Here’s what I’ve learned in the industry

On tips for shy people, dealing with pressure, and the transition from uni to work, EY Partner Kath Barrow shares her career experiences

How do you balance integrity with ambition and getting ahead?

I don’t think it’s about the position – it’s how you do it. When I look back at my career I have never had a door shut in my face and I’ve always embraced the opportunities that were out there – even opportunities that I wasn’t expecting. I think it’s quite difficult to overdo it as long as you are yourself, as long as you are thoughtful to others, you have empathy and you’ve got good EQ, as well as good IQ. Then you can be ambitious but at the same time understand and respect the people around you.  

What advice would you give people who are naturally shy to succeed in an industry with a lot of client-facing roles?

We’re not asking people to stand on the stage and shout about what they do. We’re asking them to engage with one or two other people or to work within a team environment. I think if you can break it down to those smaller activities and tasks then you don’t become overwhelmed. When I had the opportunity to work in London, the thing that put me off was just that sense of being part of an office that was 3,000 or 4,000 people as opposed to the 400 that I knew pretty well in Birmingham. Actually, as with most business environments, you’re not walking into a big room with 4,000 people in it as there’ll always be smaller teams you work with. And when you’re in a client environment you’re not facing a team of 50 people, you’re going to engage with one or two people on very specific things. You’ll be asking for specific information and asking them to talk about what they do – which in that context is much more important than you talking about what you do.

How have you dealt with the pressures of business?

I’m incredibly privileged in working with immensely talented people who have skills that are different to mine. And I think the biggest lesson I’ve learnt in terms of handling pressure is to take advantage of that; to pick the phone up and build my own internal network as much as I build an external network. The understanding, skills and experiences of people within our organisation is firstly, pretty awesome and secondly, helps me do my job better. And I think I have gone through phases, way back in my career, where I felt asking for help was almost a weakness and actually it never is.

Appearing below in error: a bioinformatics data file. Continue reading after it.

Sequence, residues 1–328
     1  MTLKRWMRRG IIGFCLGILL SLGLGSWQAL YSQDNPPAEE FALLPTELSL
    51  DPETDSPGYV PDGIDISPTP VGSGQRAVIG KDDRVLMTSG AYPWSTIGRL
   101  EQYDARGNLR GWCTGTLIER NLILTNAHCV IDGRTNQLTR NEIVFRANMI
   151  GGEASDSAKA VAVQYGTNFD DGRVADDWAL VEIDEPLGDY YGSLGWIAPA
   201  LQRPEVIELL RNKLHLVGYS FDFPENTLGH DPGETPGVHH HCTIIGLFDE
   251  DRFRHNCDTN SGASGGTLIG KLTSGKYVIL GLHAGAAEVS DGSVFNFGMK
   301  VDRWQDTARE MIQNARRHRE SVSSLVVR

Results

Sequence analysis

What do you think is the best way to convey your commercial awareness?

It’s sometimes about the questions you ask, and not necessarily about being the person who has all the answers. Quite often what clients might be thinking is not what’s going on or the biggest issue. So commercial awareness can be about building rapport, building engagement with people within businesses so that they feel comfortable talking about what they’re dealing with. Sometimes it’s just about asking questions in a way that suggests there’s a certain amount you know but that makes them think more about it.

How do you maintain gravitas while also appearing approachable or friendly?

I think what can make you approachable and friendly is being interested in what’s going around you and interested in the people that you have around you. It’s about the questions you ask, not necessarily about the big statements that you make, then having something to say off the back of that, that can be the gravitas. Allowing yourself to be selective about your interventions by giving the floor to others can mean that what you then contribute is so much more meaningful – and gives you gravitas.

What is the most important skill graduates need when making the transition to the work place?

I don’t know whether it’s different to being a student but I’d say don’t lose that sense of curiosity, that inquiring mind that asks why and what and who and how – all of those questions. Because you never stop learning and 20-odd years on I’m still learning, I still learn from asking does that make sense, does that feel right, why am I doing this why am I being asked to do that?  

What makes a good employee stand out from the rest?

What you can’t teach someone is to really care. Because that’s what will drive you to learn and to ask questions; to actually just be the best you can be and to embrace the opportunities that are out there. So being passionate about what you do, that sense of drive and as I said, really caring about the end result.

About Kath

Kath Barrow qualified as a chartered accountant in 1996 and became a partner at EY in 2006. She has held leadership roles in EY’s Assurance service line, including Audit Sector Leader for Retail, Consumer and Industrial Products and Head of People. Kath chairs EY’s Future Finance Leaders programme, supporting finance professionals as they work towards the industry’s top jobs.

  • Kath Barrow

About the author

Kath qualified as a chartered accountant in 1996 and became a partner at EY in 2006. She’s held leadership roles in EY’s Assurance service line, including Audit Sector Leader for Retail, Consumer and Industrial Products and Head of People. Kath chairs EY’s Future Finance Leaders programme, supporting finance professionals as they work towards the industry’s top jobs.